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Mar 24, 2024

Top secret papers reviewed by The Grayzone reveal Tony Blair demanded strikes on civilian targets in Yugoslavia days before NATO attacked them. While the UK military acknowledged a NATO strike on Hotel Jugoslavia would mean inflicting “some civilian casualties,” it insisted the deaths were “worth the cost.”

Declassified British Ministry of Defence (MOD) files reviewed by The Grayzone reveal that officials in London conspired to embroil US troops in a secret plan to occupy Yugoslavia and “topple” President Slobodan Milosevic during NATO’s 1999 war on the country. Though the crazed scheme was never implemented, details of the plot reveal precisely how British officials successfully shaped Washington into a blunt force instrument of their vanquished empire in years to come. 

March 24 marks the 25th anniversary of Operation Allied Force, NATO’s 78-day-long bombing campaign against Yugoslavia. Still venerated in Western mainstream as a successful “humanitarian intervention” conducted to prevent an impending “genocide” of Kosovo’s Albanian population, the war was in fact a wantonly destructive, illegal assault on  a sovereign, multiethnic country, based on lies and atrocity propaganda. Belgrade had in fact been engaged in a counterinsurgency battle against the CIA and MI6-backed Kosovo Liberation Army (KLA), an Al Qaeda-linked extremist group.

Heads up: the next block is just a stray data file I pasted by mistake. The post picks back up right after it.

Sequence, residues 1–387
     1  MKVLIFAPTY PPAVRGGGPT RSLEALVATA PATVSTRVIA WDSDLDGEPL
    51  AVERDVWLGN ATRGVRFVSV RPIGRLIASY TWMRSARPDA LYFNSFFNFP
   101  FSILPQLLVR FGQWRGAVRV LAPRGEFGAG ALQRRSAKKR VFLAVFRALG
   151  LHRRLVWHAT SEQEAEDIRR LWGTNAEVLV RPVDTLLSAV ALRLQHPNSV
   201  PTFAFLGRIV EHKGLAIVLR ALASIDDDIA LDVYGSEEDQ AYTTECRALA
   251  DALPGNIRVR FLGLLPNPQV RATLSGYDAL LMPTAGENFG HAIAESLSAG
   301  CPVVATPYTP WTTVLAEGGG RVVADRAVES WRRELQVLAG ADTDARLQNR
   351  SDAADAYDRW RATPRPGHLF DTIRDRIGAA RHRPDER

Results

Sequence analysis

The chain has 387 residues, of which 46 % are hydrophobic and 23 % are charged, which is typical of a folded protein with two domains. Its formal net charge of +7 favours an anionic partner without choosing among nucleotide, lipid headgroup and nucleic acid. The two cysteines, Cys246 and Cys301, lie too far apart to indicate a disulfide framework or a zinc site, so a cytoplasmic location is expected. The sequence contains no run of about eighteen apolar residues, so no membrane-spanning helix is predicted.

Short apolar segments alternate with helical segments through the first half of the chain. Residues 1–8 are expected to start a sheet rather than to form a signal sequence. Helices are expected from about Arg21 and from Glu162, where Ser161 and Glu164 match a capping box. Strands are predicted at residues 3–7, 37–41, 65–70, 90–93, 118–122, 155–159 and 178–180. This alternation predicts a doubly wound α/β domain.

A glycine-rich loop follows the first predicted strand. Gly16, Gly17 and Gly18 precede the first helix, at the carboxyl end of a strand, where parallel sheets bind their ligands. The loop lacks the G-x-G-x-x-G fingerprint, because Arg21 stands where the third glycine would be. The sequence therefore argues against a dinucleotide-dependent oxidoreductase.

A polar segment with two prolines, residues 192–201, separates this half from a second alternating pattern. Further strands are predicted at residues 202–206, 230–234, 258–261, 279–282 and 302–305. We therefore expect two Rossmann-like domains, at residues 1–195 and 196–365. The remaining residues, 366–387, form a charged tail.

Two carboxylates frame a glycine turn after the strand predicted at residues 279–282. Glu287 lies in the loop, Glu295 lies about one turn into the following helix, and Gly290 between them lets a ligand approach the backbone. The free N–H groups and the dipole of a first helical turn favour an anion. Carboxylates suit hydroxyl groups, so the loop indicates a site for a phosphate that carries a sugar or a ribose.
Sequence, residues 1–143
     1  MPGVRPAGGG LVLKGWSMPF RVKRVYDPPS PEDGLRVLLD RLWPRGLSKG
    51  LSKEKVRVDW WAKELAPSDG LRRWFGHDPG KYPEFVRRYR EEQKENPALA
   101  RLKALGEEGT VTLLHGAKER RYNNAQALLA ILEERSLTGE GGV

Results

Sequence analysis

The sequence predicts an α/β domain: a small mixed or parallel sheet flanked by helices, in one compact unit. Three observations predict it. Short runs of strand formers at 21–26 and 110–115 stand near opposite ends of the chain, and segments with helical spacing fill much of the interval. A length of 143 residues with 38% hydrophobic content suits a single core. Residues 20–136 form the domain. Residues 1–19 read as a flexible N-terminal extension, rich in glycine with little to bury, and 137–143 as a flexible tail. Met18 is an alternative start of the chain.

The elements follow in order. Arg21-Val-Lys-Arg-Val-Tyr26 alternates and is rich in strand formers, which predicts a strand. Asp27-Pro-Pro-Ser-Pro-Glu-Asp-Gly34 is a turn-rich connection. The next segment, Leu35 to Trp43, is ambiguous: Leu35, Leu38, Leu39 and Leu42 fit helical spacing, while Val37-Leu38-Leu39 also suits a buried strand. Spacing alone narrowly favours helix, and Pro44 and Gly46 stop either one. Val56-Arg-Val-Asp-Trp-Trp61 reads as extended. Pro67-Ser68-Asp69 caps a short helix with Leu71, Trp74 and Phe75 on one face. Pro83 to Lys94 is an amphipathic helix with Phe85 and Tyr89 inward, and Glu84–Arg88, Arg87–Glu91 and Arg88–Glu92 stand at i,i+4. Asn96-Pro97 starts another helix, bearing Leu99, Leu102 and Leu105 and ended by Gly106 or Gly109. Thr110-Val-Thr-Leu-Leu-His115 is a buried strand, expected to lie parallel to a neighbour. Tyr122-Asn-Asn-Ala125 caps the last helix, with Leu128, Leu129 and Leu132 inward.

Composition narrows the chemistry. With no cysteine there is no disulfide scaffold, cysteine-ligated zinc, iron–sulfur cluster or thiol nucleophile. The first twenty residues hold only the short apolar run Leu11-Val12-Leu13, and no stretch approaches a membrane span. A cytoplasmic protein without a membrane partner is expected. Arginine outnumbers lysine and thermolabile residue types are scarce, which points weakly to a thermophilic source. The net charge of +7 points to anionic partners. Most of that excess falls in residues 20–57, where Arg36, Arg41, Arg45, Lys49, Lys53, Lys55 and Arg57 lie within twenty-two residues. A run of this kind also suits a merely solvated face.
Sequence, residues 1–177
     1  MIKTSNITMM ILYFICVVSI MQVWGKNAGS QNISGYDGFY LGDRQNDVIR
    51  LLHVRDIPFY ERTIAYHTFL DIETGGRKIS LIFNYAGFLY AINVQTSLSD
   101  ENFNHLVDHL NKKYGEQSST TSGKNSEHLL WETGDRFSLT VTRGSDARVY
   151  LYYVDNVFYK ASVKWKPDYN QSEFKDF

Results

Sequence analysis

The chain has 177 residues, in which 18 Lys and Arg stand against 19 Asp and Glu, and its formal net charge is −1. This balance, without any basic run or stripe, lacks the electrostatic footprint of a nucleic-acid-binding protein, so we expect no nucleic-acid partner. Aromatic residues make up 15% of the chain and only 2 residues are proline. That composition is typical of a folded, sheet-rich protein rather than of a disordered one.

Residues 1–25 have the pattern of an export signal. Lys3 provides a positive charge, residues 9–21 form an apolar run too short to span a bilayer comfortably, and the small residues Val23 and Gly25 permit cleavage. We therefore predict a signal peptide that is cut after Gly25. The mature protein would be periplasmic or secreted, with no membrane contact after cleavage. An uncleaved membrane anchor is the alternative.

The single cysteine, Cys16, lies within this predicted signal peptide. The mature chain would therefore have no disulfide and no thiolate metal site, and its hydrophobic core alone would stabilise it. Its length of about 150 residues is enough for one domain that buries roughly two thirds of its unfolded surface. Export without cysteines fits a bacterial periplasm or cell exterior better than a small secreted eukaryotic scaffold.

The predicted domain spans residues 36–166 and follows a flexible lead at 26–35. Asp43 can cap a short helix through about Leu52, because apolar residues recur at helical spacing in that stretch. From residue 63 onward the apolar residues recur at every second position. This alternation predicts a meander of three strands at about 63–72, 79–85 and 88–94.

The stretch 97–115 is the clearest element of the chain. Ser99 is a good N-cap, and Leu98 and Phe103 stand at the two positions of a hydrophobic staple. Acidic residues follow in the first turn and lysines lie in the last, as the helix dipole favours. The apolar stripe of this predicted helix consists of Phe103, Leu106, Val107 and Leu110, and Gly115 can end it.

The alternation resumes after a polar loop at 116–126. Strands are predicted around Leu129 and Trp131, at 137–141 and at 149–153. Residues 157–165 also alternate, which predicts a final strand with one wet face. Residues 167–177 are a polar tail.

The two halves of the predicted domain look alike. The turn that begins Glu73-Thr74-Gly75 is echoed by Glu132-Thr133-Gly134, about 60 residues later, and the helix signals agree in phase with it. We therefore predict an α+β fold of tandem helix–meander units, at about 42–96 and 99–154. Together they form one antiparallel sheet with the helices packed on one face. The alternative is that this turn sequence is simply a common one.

The KLA—funded by the narcotics trade and organ harvestingexplicitly sought to maximize civilian casualties, in order to precipitate Western intervention. In May 2000, a British parliamentary committee concluded all purported abuses of Albanian citizens by Yugoslav authorities occurred after NATO’s bombing began, finding that the alliance’s intervention had actually encouraged Belgrade to aggressively neutralize the KLA. Meanwhile, in September 2001, a UN court in Pristina determined that Belgrade’s actions in Kosovo were not genocidal in nature, or intent.

These findings are largely overlooked today. A February Politico investigation into the West’s post-war pillage of Kosovo axiomatically asserted that NATO intervened in Yugoslavia “to halt an unfolding genocide against the ethnic-Albanian population.” Similarly forgotten is just how close leading NATO states came to invading Belgrade during that chaotic spring.